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Wednesday Night Was the Single Greatest Moment in St. Louis Sports History

by Hans A. Carpenter

The Cardinals have 11 World Series trophies. The Rams took a Super Bowl with them to L.A. The Hawks took an NBA Championship to Atlanta. None of those wins compare to last night, not even the 2011 Cardinals’ run that now sits in the shadow of an even more miraculous comeback. 

The St. Louis Blues, after fifty-one years of futility, hoisted the Stanley Cup in front of a horrified Boston crowd, in front of the tear-stained jerseys of Brad Marchand and a Bruins team who gave it all but couldn’t put down a team that was once dead last in the league. 

In many ways, St. Louis and Chicago understand one another. Cubs fans spent over a century faithfully loving their losers. Generation after generation turned to their children and said “next year”, and the next year, the Cubs found a way to lose. 

Against all odds, the Blues did the same year after year. No matter how strong they looked on paper, no matter how much success they found in the regular season, the Blues found a way to lose. In 1995-1996, the Blues had a team with seven Hall of Famers including Brett Hull and Wayne Gretzky…and still lost. 

In 2016, the Cubs won their ring, and in 2019, the Blues have their cup.

A who’s who of coaches who range from champions to icons couldn’t get it done in St. Louis. Scotty Bowman couldn’t do it. Joel Quenneville couldn’t do it. Ken Hitchcock couldn’t do it. In the end, Craig Berube could. Berube, interim coach after Mike Yoe’s dismissal, was a placeholder fill-in destined to preside over a lost season. Over the offseason, GM Doug Armstrong would find the real coach.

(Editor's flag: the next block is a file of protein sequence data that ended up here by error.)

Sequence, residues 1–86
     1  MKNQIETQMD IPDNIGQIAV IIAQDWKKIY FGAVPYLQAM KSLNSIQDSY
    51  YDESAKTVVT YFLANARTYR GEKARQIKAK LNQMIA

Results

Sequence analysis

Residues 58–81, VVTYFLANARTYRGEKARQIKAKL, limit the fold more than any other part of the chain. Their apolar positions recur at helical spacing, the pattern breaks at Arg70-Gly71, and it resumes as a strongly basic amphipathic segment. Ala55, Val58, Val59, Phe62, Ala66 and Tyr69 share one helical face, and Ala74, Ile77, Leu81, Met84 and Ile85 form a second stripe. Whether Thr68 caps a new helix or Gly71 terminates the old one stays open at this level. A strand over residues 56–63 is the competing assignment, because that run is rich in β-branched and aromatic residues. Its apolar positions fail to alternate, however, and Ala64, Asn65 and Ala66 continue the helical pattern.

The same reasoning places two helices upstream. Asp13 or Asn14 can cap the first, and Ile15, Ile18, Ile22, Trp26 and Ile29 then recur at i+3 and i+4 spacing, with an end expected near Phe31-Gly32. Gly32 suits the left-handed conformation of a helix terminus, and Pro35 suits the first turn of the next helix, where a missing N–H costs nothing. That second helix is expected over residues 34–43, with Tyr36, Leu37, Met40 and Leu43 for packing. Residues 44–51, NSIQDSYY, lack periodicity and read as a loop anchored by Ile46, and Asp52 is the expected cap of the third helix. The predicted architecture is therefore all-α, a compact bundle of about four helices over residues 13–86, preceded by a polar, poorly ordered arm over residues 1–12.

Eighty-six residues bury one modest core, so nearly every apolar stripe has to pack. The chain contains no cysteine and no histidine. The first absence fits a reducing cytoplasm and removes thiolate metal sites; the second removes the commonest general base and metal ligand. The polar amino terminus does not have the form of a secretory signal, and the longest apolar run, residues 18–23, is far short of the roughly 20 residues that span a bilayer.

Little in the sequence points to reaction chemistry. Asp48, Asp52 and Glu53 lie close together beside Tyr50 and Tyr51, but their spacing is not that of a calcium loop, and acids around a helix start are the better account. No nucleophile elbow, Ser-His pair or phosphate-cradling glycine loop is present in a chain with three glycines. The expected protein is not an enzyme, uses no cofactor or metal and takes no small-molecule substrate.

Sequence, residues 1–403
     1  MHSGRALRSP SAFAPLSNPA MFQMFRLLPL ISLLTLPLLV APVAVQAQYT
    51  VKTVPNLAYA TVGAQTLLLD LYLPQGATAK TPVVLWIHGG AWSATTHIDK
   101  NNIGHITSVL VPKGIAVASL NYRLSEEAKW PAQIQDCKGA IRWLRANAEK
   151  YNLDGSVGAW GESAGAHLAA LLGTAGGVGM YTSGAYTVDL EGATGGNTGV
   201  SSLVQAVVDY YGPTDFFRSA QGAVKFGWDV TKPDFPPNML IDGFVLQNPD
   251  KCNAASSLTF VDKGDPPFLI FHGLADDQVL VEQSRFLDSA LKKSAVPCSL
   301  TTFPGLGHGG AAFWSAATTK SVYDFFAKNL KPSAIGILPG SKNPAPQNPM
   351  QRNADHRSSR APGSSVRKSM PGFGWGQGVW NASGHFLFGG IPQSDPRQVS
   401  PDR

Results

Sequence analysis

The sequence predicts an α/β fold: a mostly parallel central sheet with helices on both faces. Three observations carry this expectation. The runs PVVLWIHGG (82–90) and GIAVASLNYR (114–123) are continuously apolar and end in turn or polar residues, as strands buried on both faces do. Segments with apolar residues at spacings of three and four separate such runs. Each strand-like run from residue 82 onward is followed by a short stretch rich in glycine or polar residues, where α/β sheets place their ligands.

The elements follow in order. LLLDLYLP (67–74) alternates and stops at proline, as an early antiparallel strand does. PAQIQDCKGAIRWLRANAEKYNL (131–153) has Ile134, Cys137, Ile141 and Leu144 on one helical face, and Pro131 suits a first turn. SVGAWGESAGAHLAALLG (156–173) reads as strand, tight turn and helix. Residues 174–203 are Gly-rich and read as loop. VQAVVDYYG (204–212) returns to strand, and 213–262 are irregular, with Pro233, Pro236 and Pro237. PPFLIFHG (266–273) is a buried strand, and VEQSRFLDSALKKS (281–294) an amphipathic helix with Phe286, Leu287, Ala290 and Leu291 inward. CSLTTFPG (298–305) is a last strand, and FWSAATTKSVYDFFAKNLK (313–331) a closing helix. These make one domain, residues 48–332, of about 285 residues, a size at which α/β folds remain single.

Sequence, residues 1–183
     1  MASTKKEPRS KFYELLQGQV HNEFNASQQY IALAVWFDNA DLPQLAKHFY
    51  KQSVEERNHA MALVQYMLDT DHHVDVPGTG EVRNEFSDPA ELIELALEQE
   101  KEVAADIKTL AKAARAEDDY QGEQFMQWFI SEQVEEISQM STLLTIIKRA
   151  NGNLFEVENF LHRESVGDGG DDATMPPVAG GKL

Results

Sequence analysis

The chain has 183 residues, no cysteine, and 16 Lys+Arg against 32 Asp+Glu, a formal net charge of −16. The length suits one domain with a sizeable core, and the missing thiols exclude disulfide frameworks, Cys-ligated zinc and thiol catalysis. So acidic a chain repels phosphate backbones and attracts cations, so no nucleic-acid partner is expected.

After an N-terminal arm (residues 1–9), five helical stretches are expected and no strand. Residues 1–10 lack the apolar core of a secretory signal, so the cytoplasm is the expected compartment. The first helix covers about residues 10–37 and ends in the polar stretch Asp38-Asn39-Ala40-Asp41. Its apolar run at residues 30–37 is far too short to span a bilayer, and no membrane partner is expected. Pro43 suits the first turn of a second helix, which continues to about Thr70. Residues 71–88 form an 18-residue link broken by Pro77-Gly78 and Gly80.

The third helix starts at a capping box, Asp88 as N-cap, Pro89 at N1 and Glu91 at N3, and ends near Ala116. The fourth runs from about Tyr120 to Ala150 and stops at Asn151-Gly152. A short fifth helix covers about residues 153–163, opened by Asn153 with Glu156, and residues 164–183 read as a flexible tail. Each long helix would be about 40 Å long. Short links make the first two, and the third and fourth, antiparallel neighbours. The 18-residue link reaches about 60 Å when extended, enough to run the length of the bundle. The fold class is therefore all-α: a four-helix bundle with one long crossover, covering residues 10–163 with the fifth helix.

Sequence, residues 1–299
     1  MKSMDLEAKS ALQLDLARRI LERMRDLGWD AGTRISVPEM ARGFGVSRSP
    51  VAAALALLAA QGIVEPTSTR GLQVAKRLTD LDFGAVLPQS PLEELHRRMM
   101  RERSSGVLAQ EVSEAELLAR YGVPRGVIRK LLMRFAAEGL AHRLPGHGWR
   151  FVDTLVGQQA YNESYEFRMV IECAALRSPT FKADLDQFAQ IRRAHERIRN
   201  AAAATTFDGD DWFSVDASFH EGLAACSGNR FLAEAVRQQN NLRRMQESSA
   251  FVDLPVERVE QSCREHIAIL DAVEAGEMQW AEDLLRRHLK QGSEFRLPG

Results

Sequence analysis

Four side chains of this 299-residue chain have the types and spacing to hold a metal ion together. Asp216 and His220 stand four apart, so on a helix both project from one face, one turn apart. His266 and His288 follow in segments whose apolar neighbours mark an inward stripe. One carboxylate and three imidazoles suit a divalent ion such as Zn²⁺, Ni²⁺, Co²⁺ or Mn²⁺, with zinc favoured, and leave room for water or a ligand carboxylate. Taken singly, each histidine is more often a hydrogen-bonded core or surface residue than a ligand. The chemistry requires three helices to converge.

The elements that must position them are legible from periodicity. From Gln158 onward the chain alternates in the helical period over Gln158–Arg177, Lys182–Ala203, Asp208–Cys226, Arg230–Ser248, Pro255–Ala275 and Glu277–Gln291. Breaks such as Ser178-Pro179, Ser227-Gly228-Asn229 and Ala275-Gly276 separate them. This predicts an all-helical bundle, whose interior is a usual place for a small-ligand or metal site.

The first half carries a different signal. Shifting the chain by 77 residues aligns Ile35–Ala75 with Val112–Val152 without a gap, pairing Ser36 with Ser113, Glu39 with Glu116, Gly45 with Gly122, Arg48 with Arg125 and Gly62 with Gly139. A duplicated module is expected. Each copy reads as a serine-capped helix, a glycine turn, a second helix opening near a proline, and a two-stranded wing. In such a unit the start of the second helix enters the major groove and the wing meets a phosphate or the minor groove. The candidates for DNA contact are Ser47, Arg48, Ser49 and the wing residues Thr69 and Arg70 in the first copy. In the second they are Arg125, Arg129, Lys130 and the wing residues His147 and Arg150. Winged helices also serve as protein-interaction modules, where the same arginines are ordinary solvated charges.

An early season meltdown from goalie Jake Allen lead to Jordan Binnington, a forgotten, even cast-off organizational filler player getting his first NHL starts in January. By then, the team couldn’t sink any lower. Wednesday night, Binnington took all that a fantastic Bruins team could give, swatting away shot after shot with the grace and speed of a breakdancing ninja between the pipes. Binnington is never more dangerous than after a loss. 

In the end, four players scored in Game 7, indicative of Blues hockey over the last few months as the team has found timely, clutch goals from under every rock, be it from defenseman Carl Gunnarson in overtime on the road in Game 2, to hometown hero Pat Maroon in double overtime Game 7 against Dallas. 

Jaden Schwartz, coming off a forgettable year, found new life in the playoffs and through sheer hustle created a golden scoring opportunity for Captain Alex Pietrangelo with 7 seconds left in the third period. Schwartz’s Game 5 winning goal with 15 seconds left and hat trick in Game 3 made the Finals trip possible. 

Unfairly maligned franchise player Vladimir Tarasenko managed 11 goals 6 assists over the course of the post-season, forever cementing his legacy wearing the Blue Note. 

None have had a bigger impact than Ryan O’Reilly, the winner of the Con Smyth trophy. During the darkest points of the season, the one positive on a nightly basis was the hustle and skill of O’Reilly. In the Stanley Cup Finals, he was on another level. 

Celebrating a major championship is great…but this is on another level. This is the perfect intersection of a history of trials with a year of the remarkable. This is the nexus of perfect sports storylines. If Brad Pitt doesn’t make a movie about this team, sports cinema deserves to perish. This is the sweetest tasting win in St. Louis sports history. The Cardinals are steady. The Rams betrayed us. The Blues need this. The Blues deserve this. 

This is why we bleed blue. Play Gloria. 

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